For everyone’s safety it has been advised NOT to remove or go around any barricades. They are there for a reason. If you do chose to go around a barricade and drive through flood water you could not only be putting your life at risk, you could end up causing emergency vehicles and personnel to be put at risk when they come to your assistance.
EMO Coordinator, Leanna Wallin is keeping the RM map updated daily as to road closures and other hazards so that if emergency vehicles do need to get access somewhere they will know what route to take.
On Thursday evening, after putting in a day’s work, Chris Weber and Scott Biss headed out and did the weekly garbage pick up for the town, keeping the town employees free to do other things as needed.
Throughout the week, area residents and businesses donated food, snacks and beverages to the frontline workers and those at the emergency centre. It is the generous acts such as these that helped to keep spirits high in those directly working with the flood.
While the command office is still in place at the Innovation Centre it has been on standby since Friday morning. Should conditions change everything is there and ready to go. “It (the flood) could have been much worse - the weather cooled and the melt slowed. It went as well as we could have hoped it to go,” stated Mayor Shirley Cancade.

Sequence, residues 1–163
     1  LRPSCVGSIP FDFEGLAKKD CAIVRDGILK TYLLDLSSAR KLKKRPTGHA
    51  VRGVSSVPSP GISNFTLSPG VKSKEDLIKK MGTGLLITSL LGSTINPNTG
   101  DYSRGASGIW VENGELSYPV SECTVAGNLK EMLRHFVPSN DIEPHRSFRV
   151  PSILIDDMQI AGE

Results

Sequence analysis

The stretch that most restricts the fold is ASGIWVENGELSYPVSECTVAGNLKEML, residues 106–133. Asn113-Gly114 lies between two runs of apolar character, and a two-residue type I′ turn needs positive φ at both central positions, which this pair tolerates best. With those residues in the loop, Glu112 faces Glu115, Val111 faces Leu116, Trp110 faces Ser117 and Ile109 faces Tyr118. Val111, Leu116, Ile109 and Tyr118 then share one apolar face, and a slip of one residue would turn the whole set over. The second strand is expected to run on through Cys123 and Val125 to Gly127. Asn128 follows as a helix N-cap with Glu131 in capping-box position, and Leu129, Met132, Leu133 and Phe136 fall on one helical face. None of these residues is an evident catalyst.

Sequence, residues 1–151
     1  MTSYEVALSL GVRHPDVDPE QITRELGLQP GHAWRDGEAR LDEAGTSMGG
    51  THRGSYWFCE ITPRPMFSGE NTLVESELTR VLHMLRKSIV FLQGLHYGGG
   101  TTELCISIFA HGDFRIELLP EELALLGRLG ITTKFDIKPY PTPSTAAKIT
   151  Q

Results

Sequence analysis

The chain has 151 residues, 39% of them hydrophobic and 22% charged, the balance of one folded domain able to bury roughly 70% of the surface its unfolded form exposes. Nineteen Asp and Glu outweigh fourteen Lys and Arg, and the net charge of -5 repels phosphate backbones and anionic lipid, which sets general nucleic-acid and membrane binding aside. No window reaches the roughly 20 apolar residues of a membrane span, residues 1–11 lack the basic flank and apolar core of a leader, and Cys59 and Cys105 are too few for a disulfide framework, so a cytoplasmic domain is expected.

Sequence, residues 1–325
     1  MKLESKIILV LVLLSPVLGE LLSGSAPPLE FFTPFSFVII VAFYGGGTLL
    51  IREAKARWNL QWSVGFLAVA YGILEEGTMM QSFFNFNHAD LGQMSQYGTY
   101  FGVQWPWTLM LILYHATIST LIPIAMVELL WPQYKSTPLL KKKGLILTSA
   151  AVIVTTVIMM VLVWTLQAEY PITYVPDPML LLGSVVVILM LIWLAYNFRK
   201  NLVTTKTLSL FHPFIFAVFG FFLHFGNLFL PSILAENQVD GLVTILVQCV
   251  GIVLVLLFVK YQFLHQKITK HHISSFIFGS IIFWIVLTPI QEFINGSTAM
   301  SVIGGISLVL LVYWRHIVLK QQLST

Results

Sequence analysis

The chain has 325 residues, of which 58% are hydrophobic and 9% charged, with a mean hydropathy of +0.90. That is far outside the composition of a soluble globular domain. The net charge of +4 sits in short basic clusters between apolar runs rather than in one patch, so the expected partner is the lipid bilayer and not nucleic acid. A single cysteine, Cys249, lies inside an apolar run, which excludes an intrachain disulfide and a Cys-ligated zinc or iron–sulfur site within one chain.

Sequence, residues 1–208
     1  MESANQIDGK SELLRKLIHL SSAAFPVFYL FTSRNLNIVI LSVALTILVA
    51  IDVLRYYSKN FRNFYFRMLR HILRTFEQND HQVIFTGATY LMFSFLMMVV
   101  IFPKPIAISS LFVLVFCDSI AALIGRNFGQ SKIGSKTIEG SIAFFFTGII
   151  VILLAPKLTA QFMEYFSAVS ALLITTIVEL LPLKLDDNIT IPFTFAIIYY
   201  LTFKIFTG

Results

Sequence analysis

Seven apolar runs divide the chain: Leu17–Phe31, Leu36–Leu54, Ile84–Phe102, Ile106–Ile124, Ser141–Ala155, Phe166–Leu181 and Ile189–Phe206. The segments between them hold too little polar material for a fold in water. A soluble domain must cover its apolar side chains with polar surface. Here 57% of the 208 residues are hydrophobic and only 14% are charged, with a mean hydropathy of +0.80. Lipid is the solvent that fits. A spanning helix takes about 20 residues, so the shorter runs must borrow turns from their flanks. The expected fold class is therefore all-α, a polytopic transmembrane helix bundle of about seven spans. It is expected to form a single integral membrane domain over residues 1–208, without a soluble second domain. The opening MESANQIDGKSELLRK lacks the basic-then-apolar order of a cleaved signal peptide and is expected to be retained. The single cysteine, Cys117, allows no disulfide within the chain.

On Saturday, April 16th the RM of Laurier was busy repairing the abutment’s to the Martin Bridge located on the “old grid”. The west abutment took 24 cubic yards of product to fill the hole caused by the speed of the water eating the abutment away from below. After pressure testing the east side, it failed and 8 cubic yards of product was added to repair it.
Reeve, Gene Gilmore said, “The roads look amazingly good, but the abutments will be the focus of daily checks for up to the next month.” If anyone sees any type of hole anywhere close to a bridge call the RM office and let them know so they can check it out.
This is a flood that will stand out in the minds of people for many years to come. “I’ve never seen flood water come this close to town and never seen it over the CN bridge,” offered life-long resident of the area, Alexina Verot.
Elda Henheffer had this to say. “There have been floods where the bridge (Highway #28) has been covered with water, but that was in July.”
For the most part the town of Radville has come through this 1 in 50 year flood pretty much unscathed. It does not mean, however, that there have been no effects. The Water Treatment Plant has been stressed by the flood and it is imperative that town residents do everything possible to conserve water. There are many little things that each of us can do to help and if this is not forth-coming then the Town may have no choice but to turn water access off for 6 hour intervals to help the plant do its work.
In the days and weeks to come, lets see the same spirit that brought folks together to fight the flood work together to get the town and surrounding area looking as close as possible to the way it was before the flood waters began to flow.